‘Watch Dogs’ Was Built With Pieces Of A Cancelled ‘Driver’ Game

By | 3 years ago 

If you ever get time to talk to a game developer about their job, you will quickly learn that their work is tough. That is made twice as tough when they work for a major publisher where they’re constantly under pressure of budgets, deadlines and corporate politics. Sometimes games begin development even though the team doesn’t necessarily know much about what they want to make. That can lead to games being cancelled, even after a decent amount of work is done.

That appears to have been the case with a driving game that was going to be a new addition in the Driver franchise. Now it’s the eagerly anticipated – but recently delayed – Watch Dogs.

Talking to IGN, Ubisoft‘s North American president Laurent Detoc admitted that the Driver game and the engine they built for it just weren’t working out.

“They were working on a driving engine, working on something. We had the Driver license. This was years ago. Then we were thinking, ‘no, this is not the way we want to go with a driving game,’ so we cancelled that and restarted.”

This sounds familiar to the Rainbow 6: Patriots situation at Ubisoft. That isn’t to say that all that work on Driver went to waste though. In fact, it is set to have quite the legacy as Watch Dogs has risen up from that game’s ashes.

Driver Cancelled And Salvaged

Detoc explains that “Watch Dogs wasn’t always Watch Dogs” as the game went through some hefty development overhauls to become the cyber hacking open world game that fans are clamoring to get their hands on in the coming months. He explains that the engine that they had begun to build for the initial Driver was salvaged and resurrected during Watch Dogs’ development. He explains the process as:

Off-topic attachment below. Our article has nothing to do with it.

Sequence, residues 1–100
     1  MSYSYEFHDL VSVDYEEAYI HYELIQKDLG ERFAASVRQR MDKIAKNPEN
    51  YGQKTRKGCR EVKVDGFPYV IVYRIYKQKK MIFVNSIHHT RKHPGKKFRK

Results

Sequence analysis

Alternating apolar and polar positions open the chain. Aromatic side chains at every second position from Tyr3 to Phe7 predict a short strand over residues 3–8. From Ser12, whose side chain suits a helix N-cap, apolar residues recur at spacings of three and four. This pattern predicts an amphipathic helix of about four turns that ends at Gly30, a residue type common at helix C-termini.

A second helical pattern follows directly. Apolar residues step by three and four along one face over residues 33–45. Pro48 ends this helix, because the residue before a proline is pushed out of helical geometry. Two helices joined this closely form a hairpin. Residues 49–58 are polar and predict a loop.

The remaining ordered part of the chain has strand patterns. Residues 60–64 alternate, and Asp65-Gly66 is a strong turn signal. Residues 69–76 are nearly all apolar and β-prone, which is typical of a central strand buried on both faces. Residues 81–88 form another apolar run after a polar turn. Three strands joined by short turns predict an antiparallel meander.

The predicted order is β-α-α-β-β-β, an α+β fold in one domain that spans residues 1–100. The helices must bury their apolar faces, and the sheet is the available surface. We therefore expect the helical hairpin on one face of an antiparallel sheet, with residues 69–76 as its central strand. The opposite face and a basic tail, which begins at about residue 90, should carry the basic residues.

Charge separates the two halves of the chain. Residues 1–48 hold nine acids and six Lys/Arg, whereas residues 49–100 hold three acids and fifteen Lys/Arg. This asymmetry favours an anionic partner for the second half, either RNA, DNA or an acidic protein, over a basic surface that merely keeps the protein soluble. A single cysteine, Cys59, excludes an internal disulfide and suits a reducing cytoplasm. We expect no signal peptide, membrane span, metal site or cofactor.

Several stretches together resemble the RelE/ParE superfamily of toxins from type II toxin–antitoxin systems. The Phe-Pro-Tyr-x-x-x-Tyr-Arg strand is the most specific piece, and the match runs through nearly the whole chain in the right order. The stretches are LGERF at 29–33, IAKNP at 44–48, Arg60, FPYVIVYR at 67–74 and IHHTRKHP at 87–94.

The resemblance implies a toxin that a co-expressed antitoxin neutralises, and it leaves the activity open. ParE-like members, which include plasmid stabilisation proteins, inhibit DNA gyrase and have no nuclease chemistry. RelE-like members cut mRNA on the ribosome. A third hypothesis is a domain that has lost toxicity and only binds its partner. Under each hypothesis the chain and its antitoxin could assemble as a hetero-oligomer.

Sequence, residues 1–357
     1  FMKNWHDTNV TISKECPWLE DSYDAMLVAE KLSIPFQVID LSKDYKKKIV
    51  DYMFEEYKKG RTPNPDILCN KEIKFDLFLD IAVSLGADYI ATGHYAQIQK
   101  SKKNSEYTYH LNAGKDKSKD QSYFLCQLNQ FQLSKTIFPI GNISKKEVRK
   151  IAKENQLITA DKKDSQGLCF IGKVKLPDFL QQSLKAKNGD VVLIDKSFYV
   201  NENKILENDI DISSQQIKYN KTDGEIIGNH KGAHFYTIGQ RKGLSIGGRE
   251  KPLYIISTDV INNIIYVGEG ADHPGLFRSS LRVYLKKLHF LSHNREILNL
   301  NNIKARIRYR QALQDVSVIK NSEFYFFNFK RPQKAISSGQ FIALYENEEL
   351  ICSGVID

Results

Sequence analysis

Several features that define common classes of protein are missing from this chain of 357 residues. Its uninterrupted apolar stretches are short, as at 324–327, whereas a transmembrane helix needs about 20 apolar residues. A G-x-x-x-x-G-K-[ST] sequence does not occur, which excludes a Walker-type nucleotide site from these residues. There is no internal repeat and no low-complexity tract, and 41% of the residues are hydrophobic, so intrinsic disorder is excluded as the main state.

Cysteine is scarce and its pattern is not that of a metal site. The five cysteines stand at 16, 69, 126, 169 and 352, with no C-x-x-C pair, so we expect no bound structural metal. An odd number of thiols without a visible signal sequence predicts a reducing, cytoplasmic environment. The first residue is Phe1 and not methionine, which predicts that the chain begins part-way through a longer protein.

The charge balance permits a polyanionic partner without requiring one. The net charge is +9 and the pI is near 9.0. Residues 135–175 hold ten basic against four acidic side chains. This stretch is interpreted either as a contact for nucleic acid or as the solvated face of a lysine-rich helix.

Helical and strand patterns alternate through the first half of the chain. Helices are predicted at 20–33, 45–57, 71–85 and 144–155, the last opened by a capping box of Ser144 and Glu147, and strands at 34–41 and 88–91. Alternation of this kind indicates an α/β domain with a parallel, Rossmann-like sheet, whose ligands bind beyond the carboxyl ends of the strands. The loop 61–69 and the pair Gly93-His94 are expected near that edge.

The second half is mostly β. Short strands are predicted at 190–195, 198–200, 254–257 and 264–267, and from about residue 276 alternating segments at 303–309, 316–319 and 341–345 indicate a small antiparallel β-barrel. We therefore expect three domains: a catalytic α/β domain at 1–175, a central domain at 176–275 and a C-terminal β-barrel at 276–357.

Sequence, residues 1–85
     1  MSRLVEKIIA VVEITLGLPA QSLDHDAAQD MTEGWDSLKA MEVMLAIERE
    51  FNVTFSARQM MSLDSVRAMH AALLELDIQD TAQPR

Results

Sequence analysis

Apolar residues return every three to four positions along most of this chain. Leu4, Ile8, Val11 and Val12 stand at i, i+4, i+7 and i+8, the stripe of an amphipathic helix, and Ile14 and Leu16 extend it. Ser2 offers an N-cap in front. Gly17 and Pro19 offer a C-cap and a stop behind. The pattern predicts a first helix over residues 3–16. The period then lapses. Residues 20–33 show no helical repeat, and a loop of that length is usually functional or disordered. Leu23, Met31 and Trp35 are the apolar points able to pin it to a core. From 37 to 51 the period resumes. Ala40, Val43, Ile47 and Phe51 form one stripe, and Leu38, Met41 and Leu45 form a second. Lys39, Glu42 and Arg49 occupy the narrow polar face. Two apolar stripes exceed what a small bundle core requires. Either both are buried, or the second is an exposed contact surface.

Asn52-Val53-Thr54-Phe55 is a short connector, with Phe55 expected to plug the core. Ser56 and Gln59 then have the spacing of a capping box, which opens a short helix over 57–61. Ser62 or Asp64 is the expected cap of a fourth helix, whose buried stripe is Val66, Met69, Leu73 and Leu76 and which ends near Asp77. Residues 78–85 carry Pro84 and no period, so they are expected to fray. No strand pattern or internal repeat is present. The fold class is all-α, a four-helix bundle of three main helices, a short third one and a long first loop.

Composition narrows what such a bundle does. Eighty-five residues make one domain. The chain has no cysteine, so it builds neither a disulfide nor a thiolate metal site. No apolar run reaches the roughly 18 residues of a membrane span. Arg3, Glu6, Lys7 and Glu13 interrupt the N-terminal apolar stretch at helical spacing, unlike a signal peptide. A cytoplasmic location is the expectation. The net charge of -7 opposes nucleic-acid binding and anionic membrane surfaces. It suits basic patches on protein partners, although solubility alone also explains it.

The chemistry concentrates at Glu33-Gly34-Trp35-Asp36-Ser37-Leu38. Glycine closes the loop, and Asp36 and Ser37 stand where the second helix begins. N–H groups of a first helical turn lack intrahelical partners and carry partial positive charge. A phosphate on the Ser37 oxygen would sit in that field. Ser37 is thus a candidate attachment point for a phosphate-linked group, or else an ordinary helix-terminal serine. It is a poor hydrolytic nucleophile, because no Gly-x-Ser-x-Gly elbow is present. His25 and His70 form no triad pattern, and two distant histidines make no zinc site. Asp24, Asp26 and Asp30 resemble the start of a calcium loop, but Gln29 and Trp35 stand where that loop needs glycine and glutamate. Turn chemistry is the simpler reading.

“I wouldn’t say that Driver became Watch Dogs, because that’s not true. That’s not really what happens. What happens is that a game gets cancelled, and then you take pieces of that game to make a new one. We could have had another driving engine from another team in another place, and then it would have been used by the Watch Dogs team.”

Open world games, like Grand Theft Auto, are often a jack of all trades and master of none. Driving is a common example of a mechanic that is adequate but rarely excellent in the genre. However, with Watch Dogs being built from parts of the Driver series, perhaps fans can have higher hopes of cruising around the digitally rendered Chicago.

Keep in mind that that isn’t a given. It is impossible to know how much of the engine and other assets Ubisoft Montreal lifted from the previous project to make Watch Dogs. It sure would be nice to have superb driving mechanics in an open world though.


Watch Dogs will be available for PC, PS3, PS4, Wii U, Xbox 360 and Xbox One in spring 2014.Source: IGN